The stats that show what a stunning talent Rishabh Pant is – and why he should be in India’s T20 team.
An Indian batting order in T20 cricket of Shikhar Dhawan, Lokesh Rahul (who should be a guaranteed starter), Virat Kohli, Rohit Sharma, MS Dhoni, Krunal Pandya (who lends greater balance than Manish Pandey or Suresh Raina) and Hardik Pandya is a frightening prospect. However, it could and should, be even stronger if it included the 20 year-old pocket-rocket left-hander, Rishbah Pant.
While India were playing two T20s against Ireland in Malahide last week, Pant was playing for India A in a 50-over tri-series with England Lions and West Indies A. Admittedly, the Indian management may well have considered the tri-series – where he could work closely with coach Rahul David – more beneficial for Pant’s development than a stint in the unforgiving T20 format at international level, but with the tri-series finishing the day before India’s three-match series with England there was scope for him to play in both. By all objective measures Pant should be playing for India in T20 cricket – not only is he one of the best T20 batsmen in India; he is arguably one of the best T20 batsman in the world. Since the start of 2017 IPL the only batsmen to have played more than 25 innings with a higher average Batting Impact than Pant’s +5.4 runs per match are Luke Ronchi, Evin Lewis, AB de Villiers, Colin Munro and Alex Hales.
Pant, a short and stocky left-hander who can also keep wicket, was an academy member at Delhi during his teens and caught the eye at the 2016 Under-19 World Cup where he scored an 18-ball fifty and a century. His form earned him an IPL contract in 2016 with Delhi Daredevils worth Rs 1.9 crore – up from a base price of Rs 10 lakh. Pant is rare among Indian batsmen in that he combines batting brilliance with raw muscular power – enabling him to clear the ropes even when he fails to make a clean connection. Although India has produced many great batsmen it has not produced many great power-hitters – MS Dhoni, Virender Sehwag, Yuvraj Singh and perhaps Rohit Sharma are the only four who have mastered the art – but in Pant they have a hitter who could supersede them all. It was in the 2016/17 Ranji Trophy that Pant’s talent became apparent in astonishing season in which he brought power-hitting into the red-ball format in an unprecedented manner. Across 12 innings Pant scored 972 runs at run rate of 6.43 runs per over, hitting 49 sixes and scoring four hundreds – one of which was a triple century and another of which came off just 48 balls.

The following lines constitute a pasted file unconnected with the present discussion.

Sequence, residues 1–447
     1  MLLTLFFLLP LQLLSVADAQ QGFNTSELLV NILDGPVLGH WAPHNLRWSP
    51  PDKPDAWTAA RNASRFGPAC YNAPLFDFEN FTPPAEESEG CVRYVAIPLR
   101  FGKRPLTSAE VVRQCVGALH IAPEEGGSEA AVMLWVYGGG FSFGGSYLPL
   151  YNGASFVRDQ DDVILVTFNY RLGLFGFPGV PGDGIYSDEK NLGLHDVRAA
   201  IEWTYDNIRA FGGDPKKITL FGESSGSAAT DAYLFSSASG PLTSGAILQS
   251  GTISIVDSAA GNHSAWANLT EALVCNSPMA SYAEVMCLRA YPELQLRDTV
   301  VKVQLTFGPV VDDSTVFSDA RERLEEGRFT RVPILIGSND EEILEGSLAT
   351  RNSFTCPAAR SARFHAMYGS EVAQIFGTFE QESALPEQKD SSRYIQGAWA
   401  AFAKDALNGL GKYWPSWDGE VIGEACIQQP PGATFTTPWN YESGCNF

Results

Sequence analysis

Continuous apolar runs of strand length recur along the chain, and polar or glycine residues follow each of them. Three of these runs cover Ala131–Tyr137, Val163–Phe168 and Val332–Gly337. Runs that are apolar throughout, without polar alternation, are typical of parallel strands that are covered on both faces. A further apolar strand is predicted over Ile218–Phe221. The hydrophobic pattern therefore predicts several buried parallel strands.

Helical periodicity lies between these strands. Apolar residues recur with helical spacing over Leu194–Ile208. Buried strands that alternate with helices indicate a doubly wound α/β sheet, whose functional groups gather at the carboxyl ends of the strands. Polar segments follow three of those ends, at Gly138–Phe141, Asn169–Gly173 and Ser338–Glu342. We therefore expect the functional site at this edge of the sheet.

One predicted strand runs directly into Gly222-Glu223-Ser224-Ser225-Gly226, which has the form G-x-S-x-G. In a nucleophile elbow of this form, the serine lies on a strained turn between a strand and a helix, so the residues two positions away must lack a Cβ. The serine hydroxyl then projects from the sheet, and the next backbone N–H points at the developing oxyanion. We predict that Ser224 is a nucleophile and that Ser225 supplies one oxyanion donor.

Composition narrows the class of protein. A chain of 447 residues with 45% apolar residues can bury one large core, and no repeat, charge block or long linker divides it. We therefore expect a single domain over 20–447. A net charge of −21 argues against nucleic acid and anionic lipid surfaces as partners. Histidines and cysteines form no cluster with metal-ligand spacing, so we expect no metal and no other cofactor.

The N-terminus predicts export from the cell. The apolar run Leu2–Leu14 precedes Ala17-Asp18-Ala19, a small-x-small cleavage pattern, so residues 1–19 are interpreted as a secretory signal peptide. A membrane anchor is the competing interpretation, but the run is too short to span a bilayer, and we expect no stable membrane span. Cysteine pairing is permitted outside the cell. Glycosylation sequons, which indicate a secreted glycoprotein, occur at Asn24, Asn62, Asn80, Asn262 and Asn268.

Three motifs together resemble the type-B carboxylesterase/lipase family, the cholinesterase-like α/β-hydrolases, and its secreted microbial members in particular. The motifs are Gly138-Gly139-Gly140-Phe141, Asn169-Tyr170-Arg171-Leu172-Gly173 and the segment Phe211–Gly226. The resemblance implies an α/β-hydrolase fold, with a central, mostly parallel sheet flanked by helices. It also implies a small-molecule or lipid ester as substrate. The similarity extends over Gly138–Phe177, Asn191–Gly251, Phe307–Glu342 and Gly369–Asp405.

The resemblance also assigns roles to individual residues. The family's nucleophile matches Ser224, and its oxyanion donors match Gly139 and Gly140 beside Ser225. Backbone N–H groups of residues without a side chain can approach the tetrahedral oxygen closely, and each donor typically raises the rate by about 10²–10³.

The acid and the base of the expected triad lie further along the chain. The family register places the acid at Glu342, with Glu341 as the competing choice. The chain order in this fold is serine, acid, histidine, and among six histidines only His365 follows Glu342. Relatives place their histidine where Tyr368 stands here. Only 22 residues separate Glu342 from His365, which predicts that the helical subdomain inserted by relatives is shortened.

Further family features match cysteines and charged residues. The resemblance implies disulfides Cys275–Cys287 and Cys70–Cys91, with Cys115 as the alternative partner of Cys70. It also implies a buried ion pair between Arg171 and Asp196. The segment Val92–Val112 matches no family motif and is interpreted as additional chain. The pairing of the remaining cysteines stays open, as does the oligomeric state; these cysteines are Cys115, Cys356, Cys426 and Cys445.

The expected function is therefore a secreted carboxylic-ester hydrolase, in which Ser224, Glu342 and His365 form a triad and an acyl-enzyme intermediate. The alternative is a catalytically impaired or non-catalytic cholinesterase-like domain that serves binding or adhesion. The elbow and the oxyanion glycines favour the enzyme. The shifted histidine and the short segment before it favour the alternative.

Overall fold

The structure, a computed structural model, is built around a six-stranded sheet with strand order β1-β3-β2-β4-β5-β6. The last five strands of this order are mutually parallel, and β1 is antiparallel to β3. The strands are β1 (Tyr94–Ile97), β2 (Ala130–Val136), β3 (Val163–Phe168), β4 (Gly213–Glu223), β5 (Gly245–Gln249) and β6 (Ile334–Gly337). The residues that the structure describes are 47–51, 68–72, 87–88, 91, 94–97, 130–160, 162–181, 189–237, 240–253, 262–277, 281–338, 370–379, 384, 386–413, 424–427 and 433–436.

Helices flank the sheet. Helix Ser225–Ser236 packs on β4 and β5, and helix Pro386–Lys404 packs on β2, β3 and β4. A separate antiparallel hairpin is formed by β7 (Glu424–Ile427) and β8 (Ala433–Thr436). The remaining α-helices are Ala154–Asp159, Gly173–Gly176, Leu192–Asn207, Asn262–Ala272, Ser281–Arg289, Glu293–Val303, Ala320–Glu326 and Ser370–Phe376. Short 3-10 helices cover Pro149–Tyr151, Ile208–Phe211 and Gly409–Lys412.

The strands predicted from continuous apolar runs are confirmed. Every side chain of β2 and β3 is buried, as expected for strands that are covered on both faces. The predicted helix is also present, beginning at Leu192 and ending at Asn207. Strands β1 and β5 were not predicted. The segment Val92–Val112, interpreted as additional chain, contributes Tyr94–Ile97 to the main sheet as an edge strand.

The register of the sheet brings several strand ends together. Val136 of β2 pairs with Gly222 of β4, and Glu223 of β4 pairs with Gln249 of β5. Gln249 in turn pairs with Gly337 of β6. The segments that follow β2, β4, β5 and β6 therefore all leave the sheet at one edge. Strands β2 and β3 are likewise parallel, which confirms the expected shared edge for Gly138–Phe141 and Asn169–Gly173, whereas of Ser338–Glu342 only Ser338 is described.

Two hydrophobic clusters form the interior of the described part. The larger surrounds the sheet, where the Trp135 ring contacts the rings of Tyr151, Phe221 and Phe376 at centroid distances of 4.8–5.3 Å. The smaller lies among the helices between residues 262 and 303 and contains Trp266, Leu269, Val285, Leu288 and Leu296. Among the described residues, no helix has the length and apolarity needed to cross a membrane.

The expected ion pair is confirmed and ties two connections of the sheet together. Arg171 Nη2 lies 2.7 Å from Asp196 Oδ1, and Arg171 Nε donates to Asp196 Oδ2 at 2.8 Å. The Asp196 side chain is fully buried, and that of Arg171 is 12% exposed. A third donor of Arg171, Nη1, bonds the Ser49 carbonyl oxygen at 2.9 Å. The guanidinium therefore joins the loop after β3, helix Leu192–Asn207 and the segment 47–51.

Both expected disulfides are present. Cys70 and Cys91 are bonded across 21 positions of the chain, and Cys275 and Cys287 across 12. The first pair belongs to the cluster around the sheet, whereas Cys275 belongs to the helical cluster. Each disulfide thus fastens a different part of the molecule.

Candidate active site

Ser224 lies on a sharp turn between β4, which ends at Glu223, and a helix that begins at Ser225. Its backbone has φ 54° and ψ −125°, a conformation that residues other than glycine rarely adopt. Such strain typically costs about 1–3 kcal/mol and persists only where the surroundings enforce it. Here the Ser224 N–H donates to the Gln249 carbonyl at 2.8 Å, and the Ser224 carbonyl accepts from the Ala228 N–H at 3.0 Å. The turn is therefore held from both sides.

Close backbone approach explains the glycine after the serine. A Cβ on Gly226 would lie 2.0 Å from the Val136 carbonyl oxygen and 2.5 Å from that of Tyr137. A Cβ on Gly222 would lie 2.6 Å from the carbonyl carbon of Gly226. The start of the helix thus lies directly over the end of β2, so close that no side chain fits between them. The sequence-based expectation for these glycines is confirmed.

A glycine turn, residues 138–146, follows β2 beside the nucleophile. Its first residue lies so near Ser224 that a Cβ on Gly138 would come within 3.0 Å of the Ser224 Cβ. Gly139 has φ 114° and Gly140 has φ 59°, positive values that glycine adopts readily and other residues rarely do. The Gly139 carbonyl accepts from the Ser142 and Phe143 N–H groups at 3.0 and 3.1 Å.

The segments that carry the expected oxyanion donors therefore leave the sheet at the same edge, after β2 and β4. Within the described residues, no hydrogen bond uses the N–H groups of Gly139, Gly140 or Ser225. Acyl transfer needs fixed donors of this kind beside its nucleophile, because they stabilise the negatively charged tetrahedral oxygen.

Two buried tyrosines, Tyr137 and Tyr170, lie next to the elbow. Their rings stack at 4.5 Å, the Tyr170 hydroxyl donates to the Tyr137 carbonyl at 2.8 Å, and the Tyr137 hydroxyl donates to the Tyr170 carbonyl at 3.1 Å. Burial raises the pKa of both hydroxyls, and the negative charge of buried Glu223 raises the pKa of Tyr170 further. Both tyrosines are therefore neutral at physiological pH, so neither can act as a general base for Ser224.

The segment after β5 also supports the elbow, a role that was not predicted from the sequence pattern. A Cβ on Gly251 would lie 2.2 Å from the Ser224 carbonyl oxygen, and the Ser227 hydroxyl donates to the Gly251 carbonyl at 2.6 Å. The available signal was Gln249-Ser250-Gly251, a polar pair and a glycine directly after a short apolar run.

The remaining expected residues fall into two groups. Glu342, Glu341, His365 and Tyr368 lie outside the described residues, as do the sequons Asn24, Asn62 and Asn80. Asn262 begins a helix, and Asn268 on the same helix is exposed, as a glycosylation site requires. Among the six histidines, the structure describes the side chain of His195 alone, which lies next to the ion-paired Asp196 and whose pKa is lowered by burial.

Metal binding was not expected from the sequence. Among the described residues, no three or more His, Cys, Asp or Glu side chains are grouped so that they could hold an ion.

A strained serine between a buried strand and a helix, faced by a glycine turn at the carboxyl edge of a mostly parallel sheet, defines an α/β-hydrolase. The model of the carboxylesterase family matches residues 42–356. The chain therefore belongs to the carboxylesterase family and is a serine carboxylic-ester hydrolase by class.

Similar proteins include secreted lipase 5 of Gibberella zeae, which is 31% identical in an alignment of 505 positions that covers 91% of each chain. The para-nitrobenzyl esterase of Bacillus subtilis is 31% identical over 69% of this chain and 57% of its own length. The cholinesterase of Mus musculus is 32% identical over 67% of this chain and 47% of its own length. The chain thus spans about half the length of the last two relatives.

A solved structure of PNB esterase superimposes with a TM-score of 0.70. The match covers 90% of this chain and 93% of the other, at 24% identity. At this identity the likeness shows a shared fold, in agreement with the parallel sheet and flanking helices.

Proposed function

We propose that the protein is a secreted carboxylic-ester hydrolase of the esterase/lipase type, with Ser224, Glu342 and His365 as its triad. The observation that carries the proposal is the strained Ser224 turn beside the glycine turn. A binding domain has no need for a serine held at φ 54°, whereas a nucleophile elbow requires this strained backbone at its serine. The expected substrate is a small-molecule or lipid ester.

After that stunning Ranji Trophy season expectations of Pant have been high and he has not disappointed. 366 runs at 9.93 runs per over in the 2017 IPL season, including a breakthrough innings of 97 off 43 balls in a blistering run-chase of 209, led to him being retained by Delhi Daredevils for Rs 8 crores and won him a handful of international caps while senior players were being rested. This January Pant scored the second fastest century in T20 history off just 32 balls for Delhi in the Syed Mushtaq Ali Trophy before soaring to new heights in the 2018 IPL, plundering 684 runs at 10.41 runs per over in a struggling Delhi team. His 128 not out off 63 balls against the strong Sunrisers Hyderabad bowling attack is one of the greatest IPL innings and included a dismantling of the league’s best death bowler, Bhuvneshwar Kumar. Pant’s average Batting Impact in the 2018 IPL of +11.40 runs per match is the ninth highest ever in an IPL season and the third highest by an Indian. Incidentally, Rahul’s 2018 season was even better.
It is tempting to label Pant as one of a new breed of Indian batsmen who play without fear and attack furiously, but in reality Pant is out on his own as a player of unrivalled attacking intent. Among India’s current T20 batting options the only player close to Pant’s attacking shot percentage is Pant’s former Under-19 captain Ishan Kishan. Pant is operating on a different level not only to the orthodox players such as Kohli and Rohit but to the aggressive hitters such as Dhoni and Shaw as well.
Pant’s high attacking shot percentage is largely a product of the enlightened era of attacking batting that he belongs to but it is also a consequence of his remarkable range of shots. Pant combines brutal power in conventional scoring areas down the ground with punchy square drives, fiery pulls and cheeky ramps & scoops. He is arguably only the second truly 360 degree player to emerge from India after Dinesh Karthik who has barely half the power.
Not only is Pant more attacking than any of India’s batting options but he is significantly better at it as well. Indeed, Pant is the most effective attacking batsman in IPL history, combining the fifth highest attacking shot run rate of 12.49 runs per over with the sixth highest attacking shots per dismissal of 21.4 to give him an attacking shot average of 44.64 – the highest of any IPL player to have scored 500 runs or more.
These are early days in Pant’s career – he is only 20 years-old and has played just 55 T20s – only three of them outside India, but he has it all: power, poise, range – and no apparent weakness against any bowler-type. Although he has only performed in the IPL he has dominant head-to-head records against elite international bowlers, including Rashid Khan and Sunil Narine – whom he appeared to read from the hand. Of course, he is likely encounter challenges and setbacks in the coming years – for instance there are signs he could struggle against the short ball and questions have been asked of his fitness and running between the wickets – but there can be no doubt that has the ability to counter them. Make no mistake, Rishabh Pant is a freak of a talent.
Freddie Wilde is an analyst at CricViz, the cricket intelligence specialists